An interesting article titled “Hemorrhagic Complications of Dental Extractions in 181 Patients Undergoing Double Antiplatelet Therapy” written by Olga Olmos-Carrasco and et al. appears in the 2015 Journal of Oral and Maxilofacial Surgery (vol. 73, pp. 203-210). The study sought to explore if dental extractions can be done safely on patients with double antiplatelet therapy.
Double antiplatelet therapy is the combination of 100 mg per day of acetylsalicylic acid and a second antiplatelet agent. This type of therapy is done to prevent blood cells from forming a clot in certain types of patients who have a history of coronary artery disease, or have had a heart attack or stroke. A total of 181 patients with a mean age of roughly 67 were included in the study. Most of the patients (76.8%) were male. A total of 217 teeth were extracted in the study which was conducted in Madrid.
During the course of extraction, a total of 165 patients had light hemorrhage which lasted less than 30 minutes. In 15 patients (8.3%) the hemorrhage continued for more than 30 minutes. After 24 hours, 162 patients reported an absence of bleeding, while 15 patients (8.3%) had light hemorrhage, and 4 patients (2.2%) had a bleeding episode lasting more than 30 minutes.
Based on the results the authors feel that dental extractions can be carried out safely without stopping dual antiplatelet therapy in those patients taking it. The authors feel there were several variables in their study that may have increased the duration of bleeding in patients. This included using anesthesia without a vasoconstrictor, not using suturing, and they included patients taking NSAIDs like ibuprofen. The authors feel there were several variables in their study which may have decreased the duration of bleeding in patients. This included giving patients gauze impregnated with tranexamic acid, there was a low percentage of complex extractions (6.6%), and the number of teeth extracted was rather low (mean 1.2).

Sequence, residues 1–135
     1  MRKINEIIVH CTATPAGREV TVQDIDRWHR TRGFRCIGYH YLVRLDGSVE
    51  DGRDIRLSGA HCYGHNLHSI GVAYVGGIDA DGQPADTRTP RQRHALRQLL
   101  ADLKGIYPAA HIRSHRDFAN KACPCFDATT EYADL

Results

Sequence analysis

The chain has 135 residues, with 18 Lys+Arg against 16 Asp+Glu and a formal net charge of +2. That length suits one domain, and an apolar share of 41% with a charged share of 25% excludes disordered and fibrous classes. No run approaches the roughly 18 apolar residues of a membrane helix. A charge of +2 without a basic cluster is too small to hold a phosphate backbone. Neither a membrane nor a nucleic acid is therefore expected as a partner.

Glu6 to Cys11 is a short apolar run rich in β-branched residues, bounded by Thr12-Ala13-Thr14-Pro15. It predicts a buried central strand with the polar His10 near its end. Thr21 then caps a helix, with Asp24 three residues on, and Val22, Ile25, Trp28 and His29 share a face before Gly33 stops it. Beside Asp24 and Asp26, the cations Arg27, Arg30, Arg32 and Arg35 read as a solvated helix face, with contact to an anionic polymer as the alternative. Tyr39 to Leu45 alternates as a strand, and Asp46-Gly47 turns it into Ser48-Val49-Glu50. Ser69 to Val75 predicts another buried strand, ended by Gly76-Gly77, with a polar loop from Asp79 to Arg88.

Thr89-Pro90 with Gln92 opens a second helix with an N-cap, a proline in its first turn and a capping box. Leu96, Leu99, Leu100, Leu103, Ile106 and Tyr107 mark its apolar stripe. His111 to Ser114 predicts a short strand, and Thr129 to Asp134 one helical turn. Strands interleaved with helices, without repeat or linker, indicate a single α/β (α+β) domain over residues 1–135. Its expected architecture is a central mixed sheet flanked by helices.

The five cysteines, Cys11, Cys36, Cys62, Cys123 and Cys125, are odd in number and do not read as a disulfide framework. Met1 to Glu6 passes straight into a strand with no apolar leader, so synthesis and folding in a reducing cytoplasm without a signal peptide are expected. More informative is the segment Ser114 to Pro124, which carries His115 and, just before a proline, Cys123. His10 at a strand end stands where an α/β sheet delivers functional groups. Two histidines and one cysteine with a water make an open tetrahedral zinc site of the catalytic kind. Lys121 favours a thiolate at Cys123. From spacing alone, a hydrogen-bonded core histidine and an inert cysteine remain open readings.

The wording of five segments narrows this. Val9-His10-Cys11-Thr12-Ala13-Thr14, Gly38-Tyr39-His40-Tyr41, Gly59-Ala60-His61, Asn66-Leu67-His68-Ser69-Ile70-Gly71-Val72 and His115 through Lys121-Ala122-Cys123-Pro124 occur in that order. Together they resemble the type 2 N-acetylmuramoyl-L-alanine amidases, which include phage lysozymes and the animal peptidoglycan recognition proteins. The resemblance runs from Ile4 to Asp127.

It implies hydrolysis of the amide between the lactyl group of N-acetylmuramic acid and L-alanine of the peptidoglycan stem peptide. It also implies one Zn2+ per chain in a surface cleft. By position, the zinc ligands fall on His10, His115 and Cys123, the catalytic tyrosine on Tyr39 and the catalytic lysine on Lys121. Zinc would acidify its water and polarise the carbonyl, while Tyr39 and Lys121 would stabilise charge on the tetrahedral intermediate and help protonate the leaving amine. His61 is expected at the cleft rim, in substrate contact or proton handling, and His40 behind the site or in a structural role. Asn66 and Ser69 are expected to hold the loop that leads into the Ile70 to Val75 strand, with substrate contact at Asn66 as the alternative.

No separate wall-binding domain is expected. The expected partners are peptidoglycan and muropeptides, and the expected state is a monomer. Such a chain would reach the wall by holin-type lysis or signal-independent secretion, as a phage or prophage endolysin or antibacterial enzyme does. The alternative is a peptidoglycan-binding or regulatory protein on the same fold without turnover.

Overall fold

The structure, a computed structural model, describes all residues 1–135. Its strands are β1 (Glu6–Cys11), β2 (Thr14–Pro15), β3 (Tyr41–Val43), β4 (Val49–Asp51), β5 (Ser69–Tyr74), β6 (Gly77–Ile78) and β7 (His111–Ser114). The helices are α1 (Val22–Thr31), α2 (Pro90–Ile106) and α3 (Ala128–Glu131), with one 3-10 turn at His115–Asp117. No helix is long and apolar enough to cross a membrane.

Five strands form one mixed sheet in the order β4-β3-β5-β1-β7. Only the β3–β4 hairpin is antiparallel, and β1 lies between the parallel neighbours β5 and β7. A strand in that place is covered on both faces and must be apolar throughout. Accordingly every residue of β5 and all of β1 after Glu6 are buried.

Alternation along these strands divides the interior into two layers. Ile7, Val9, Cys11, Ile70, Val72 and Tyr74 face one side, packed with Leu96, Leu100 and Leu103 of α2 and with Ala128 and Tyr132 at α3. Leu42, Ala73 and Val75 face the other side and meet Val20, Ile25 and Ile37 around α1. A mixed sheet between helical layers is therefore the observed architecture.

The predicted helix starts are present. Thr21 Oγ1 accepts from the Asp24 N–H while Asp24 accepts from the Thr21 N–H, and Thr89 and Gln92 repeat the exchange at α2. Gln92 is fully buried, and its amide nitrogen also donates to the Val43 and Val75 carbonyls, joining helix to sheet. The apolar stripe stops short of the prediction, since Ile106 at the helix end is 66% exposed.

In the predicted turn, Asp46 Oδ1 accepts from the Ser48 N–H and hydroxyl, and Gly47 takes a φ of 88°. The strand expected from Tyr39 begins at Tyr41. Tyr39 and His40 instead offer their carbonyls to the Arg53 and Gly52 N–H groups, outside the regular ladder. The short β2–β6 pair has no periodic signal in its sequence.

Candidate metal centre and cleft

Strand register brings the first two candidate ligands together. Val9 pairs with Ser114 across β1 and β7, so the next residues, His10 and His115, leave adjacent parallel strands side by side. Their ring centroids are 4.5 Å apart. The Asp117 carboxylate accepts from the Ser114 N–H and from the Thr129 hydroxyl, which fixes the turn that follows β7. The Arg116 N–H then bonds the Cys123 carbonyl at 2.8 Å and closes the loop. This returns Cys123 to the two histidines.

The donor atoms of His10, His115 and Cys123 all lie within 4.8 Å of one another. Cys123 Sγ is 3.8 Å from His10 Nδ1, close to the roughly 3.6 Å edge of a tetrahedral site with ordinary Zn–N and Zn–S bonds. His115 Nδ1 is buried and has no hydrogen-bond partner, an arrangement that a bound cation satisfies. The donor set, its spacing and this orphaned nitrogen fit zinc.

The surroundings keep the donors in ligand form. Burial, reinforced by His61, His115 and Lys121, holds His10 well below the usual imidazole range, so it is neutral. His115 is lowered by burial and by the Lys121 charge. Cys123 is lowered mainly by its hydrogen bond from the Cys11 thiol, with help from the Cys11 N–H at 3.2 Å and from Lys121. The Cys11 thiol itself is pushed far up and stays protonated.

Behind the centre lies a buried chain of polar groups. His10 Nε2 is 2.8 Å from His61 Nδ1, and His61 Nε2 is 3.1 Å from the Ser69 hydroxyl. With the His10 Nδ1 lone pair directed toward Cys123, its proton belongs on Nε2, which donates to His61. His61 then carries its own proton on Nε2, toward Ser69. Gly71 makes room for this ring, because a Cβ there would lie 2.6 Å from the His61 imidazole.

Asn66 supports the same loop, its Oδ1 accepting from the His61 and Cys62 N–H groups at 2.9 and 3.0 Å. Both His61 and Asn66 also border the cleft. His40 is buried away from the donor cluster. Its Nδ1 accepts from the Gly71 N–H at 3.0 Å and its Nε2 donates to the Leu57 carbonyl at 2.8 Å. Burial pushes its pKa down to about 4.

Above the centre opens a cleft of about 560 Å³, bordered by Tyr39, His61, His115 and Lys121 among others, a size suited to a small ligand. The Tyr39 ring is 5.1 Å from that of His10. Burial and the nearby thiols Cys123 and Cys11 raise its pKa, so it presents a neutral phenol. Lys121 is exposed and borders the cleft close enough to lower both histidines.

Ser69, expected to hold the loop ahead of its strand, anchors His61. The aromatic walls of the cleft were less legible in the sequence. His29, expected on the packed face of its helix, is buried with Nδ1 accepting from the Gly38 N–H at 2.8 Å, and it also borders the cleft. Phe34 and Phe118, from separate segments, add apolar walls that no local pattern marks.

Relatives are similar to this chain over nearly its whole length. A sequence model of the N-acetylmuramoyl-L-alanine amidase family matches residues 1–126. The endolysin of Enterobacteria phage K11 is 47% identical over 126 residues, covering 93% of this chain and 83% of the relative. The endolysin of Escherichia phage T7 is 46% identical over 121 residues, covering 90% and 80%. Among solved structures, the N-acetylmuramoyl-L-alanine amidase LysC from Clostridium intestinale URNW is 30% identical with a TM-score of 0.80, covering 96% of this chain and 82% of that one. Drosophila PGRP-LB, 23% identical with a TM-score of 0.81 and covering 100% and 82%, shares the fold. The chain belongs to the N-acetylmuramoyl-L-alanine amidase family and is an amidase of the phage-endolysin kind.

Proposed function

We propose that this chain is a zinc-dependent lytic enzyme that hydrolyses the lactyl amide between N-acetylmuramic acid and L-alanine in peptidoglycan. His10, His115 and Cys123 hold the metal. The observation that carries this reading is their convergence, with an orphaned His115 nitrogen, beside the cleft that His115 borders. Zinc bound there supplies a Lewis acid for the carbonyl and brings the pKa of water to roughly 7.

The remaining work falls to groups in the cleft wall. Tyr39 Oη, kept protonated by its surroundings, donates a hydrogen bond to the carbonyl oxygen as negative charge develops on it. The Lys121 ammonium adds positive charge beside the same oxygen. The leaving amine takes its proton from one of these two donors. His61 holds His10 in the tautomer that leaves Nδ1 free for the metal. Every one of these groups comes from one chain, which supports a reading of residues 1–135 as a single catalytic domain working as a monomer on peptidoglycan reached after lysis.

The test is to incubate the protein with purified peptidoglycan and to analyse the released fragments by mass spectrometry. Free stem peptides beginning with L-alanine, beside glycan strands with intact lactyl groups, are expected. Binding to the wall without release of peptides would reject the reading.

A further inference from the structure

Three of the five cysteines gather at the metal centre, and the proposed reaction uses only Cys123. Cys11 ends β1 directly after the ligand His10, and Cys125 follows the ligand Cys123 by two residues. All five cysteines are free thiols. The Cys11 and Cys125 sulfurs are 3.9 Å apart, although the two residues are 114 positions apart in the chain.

The authors feel that there results are generalizable as this study was conducted in oral and dental care consultations within primary care by 11 different dentists and they included patients that other prior studies may have excluded. The authors did not assess antiplatelet combinations other than the combination of acetylsalicylic acid and clopidogrel as they are the most common in their region. As such the authors feel that additional studies are needed to assess the frequency of hemmorrhagic complications in dental extractions in patients treated with antiplatelet combinations other than acetylsalicylic acid and clopidogrel.